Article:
On the evening of Thursday 30 December 2010, I had a miscarriage. My baby was almost 10 weeks old. After some period-like cramps and then uncontrollable bleeding, I rushed to hospital where I was informed I had had an incomplete miscarriage. My doctor performed a D&C to clean out my womb.
I had initially decided not to write about it. But to gloss over the event like my baby never existed felt wrong. Although I had my baby for only 10 weeks, of which, I knew of its existence for only 5 weeks, it was long enough for me to form an attachment. We had not planned this pregnancy. In fact, we had even decided that we were not going to have any more children. To say that the surprise was a welcomed one would be a lie. I hadn’t wanted this baby when I found out I was pregnant. But babies have a way of changing your heart even when you think it cannot be changed.
It has been an emotional 5 weeks. The fact that we knew early on that this was not the usual pregnancy and that miscarriage was a possibility has helped me prepare for this outcome but has not lessened the grief that I feel. It was difficult knowing that I needed to rest but had two young children who still depended on me very much. It is hard to say that even if I had had complete bed rest, this baby might still be alive. It was hard to ignore my two sons when they needed me so I did what I could and rested when I was able. It was also hard to ignore the guilt I felt because I was incapable of giving all I could to all my children.
Despite knowing that I was true to my expectations of myself as a mother, I cannot help but replay the events in my head wondering if things could have panned out differently if I had acted differently. Perhaps if I had rushed to the hospital when I started cramping instead of going home first – who knows if the doctors would have been able to do anything to stop the miscarriage from taking place.
During my first visit to Dr Wong, he noted that the attachment of the foetus was weak. I was advised to rest as much as possible and to avoid carrying heavy objects – including the baby. How do you stop carrying your one year old baby and make him understand when he cries for you that you cannot carry him because you are pregnant with his unborn sibling? How do you tell him that he needs to sleep through the night so you can rest, too?
Two weeks after my first visit to Dr Wong, I started bleeding. I received and injection to strengthen the womb and oral progesterone. I continued to bleed on and off for the next two weeks. On Thursday evening, I started having period-like cramps – just the mild, dull ache that accompanies most periods. We had taken the boys for ice cream and were heading home. I probably should not have gone out that night. On the way home in the car, the cramps came like waves of contractions and I knew I was losing the baby. It was late and Dr Wong was no longer in his clinic so I couldn’t call for advice.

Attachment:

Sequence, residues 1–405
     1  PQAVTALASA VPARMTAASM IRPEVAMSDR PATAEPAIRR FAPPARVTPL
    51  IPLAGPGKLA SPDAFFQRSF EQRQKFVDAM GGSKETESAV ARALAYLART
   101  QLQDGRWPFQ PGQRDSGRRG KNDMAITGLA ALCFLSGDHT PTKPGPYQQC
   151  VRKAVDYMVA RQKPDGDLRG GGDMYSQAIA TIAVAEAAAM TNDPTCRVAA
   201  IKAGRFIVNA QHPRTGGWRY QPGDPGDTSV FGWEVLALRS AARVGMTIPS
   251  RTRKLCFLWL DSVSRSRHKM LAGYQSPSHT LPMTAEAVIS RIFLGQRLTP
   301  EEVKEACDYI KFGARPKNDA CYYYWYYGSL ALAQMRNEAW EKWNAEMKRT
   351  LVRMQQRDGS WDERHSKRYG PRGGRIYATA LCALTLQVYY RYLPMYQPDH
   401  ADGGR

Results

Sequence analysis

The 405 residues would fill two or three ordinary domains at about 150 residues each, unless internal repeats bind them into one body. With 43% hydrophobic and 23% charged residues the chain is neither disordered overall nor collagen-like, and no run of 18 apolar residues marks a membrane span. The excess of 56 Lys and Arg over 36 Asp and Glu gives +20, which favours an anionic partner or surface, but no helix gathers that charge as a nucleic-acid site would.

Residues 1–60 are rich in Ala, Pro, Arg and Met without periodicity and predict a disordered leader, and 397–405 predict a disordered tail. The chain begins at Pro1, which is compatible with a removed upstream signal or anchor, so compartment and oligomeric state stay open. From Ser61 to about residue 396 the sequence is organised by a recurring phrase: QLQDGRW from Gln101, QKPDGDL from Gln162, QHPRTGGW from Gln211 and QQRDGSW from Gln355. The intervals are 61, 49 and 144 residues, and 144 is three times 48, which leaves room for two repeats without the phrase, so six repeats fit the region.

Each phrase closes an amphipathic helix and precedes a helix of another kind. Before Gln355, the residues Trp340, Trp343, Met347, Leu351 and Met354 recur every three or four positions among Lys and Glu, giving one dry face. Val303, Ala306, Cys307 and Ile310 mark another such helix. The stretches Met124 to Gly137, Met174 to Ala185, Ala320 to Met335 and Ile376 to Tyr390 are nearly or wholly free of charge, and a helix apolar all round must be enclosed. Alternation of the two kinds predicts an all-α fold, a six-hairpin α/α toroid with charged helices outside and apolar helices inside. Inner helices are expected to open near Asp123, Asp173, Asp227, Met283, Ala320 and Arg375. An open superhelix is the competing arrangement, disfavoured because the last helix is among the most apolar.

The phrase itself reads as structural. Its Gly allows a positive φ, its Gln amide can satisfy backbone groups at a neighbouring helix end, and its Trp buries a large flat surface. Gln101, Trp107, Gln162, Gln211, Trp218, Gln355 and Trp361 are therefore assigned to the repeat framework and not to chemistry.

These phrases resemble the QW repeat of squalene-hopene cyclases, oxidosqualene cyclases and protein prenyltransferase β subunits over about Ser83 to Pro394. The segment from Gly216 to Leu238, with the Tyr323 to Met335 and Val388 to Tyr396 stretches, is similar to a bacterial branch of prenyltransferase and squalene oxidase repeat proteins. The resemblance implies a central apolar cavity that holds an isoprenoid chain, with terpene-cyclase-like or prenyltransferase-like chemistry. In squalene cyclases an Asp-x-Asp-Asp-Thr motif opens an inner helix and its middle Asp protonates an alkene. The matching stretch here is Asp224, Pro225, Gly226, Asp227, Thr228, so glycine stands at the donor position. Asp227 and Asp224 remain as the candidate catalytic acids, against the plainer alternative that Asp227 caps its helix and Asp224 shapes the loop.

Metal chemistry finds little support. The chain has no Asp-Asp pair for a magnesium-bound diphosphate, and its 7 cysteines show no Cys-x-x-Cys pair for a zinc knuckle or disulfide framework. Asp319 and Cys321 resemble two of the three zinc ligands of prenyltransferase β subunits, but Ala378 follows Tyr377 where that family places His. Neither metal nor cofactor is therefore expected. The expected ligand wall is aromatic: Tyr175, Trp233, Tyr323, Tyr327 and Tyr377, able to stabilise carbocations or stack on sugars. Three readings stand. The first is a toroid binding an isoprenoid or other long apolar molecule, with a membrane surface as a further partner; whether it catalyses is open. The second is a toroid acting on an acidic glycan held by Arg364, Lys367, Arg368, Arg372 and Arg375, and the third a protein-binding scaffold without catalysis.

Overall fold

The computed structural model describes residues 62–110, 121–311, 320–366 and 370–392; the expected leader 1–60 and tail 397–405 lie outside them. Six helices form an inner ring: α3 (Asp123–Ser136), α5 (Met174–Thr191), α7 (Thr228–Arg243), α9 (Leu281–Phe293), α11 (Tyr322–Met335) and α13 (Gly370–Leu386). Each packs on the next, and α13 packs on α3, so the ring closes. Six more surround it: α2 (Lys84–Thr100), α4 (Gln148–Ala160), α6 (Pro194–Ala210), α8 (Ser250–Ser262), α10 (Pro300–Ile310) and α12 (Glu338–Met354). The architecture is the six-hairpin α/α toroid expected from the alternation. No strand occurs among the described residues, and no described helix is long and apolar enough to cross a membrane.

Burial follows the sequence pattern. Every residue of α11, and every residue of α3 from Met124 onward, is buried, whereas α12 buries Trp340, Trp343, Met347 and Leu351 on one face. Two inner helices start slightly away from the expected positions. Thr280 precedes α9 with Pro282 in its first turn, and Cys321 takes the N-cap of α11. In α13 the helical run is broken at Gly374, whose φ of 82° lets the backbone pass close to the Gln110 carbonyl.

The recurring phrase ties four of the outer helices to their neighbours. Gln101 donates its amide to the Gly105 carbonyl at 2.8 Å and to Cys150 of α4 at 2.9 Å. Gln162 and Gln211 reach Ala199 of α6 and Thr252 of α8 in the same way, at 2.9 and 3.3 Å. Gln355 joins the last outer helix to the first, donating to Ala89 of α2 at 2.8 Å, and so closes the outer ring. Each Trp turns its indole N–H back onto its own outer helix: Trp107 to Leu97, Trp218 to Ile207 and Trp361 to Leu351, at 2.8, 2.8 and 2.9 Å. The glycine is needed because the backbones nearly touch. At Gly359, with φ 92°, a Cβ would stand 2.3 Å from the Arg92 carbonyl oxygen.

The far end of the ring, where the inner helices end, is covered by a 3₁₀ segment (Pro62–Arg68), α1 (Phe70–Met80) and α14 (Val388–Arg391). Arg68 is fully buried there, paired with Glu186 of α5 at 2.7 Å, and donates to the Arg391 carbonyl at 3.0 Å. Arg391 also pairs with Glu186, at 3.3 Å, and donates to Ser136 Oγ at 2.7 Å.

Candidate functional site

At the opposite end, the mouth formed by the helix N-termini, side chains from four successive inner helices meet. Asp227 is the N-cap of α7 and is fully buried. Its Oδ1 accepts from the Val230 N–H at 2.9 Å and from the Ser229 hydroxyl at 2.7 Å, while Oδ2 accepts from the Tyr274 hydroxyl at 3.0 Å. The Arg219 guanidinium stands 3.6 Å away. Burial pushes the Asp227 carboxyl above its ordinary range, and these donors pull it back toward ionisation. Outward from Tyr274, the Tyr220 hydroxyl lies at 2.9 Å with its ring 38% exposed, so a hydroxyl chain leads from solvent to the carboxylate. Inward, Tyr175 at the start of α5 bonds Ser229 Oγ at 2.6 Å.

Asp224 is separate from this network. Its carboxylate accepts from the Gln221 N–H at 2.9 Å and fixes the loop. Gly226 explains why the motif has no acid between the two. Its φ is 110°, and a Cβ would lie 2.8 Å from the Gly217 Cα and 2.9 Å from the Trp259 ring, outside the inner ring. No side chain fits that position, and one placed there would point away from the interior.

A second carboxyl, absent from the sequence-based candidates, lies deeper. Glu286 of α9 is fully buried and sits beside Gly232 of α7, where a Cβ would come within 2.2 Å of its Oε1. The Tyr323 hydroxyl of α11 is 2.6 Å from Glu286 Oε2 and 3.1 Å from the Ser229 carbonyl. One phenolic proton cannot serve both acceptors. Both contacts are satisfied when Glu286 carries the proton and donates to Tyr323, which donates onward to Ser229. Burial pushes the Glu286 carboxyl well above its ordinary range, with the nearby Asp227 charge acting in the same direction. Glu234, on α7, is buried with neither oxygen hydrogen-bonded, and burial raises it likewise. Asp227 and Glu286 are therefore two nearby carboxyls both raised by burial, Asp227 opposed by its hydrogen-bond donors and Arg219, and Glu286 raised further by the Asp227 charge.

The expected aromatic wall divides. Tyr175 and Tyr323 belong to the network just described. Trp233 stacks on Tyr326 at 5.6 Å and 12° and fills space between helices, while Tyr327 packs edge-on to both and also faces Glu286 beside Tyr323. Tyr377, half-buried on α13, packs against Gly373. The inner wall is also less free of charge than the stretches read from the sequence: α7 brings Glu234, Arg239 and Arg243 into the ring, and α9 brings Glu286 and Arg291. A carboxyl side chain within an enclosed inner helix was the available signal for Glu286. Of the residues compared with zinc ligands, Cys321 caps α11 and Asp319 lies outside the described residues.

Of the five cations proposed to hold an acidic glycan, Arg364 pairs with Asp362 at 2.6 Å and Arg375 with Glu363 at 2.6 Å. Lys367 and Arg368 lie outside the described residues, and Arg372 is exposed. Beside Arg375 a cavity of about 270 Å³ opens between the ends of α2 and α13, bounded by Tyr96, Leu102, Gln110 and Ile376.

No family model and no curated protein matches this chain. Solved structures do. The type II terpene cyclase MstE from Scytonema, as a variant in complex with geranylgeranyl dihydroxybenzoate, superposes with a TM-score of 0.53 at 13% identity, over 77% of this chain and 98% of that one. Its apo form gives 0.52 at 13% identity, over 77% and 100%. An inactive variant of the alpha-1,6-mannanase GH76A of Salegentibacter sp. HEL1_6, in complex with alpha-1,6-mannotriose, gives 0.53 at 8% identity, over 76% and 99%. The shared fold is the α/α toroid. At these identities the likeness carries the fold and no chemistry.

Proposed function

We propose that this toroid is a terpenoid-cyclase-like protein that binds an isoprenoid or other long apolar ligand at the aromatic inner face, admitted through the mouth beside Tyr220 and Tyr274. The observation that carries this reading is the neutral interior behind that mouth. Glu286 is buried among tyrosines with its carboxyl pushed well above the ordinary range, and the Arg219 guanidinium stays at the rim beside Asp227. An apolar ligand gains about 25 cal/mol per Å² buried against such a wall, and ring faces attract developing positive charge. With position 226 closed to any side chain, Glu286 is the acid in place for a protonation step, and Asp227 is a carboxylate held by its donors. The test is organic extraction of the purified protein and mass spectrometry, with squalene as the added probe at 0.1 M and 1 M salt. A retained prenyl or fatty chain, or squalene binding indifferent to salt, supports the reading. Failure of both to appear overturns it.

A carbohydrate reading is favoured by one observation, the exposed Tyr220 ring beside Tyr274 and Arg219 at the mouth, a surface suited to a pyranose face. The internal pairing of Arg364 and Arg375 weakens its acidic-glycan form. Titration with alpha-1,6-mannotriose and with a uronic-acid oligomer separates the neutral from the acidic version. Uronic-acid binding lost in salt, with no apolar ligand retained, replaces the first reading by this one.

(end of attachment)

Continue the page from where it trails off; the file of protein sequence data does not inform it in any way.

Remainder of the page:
By the time I got home, I took a shower and was about to head straight to bed when I started bleeding. It wouldn’t stop. I put on a pad but there was so much blood that it was soaked through before I could even get dressed. I put on an overnight pad and that bought me enough time to get dressed and into the car. By the time I arrived at the hospital, I could see little rivulets of blood seeping through my pants.
In the ER, I threw up – which I understand is the result of my body going into shock after losing so much blood. The emergency doctor made an accessment, although I knew even before I asked that I had lost the baby. It was an incomplete miscarriage that required a D&C under GA. The procedure was quick – 10 minutes in the OT and I was back in the recovery room. After an overnight stay in hospital, I was discharged the following day.
Perhaps if I had done things differently, the baby might still be around today. Perhaps if I had had complete bed rest, I might still have lost the baby. The body has a reason for aborting a pregnancy when it is simply not viable. No amount of medical intervention can save a baby that isn’t meant to be. Unfortunately, that doesn’t change the way we feel about that baby.
To my unborn child – although you did not live past 10 weeks of your life, you were still my baby for just a little while and I loved you as I love your brothers.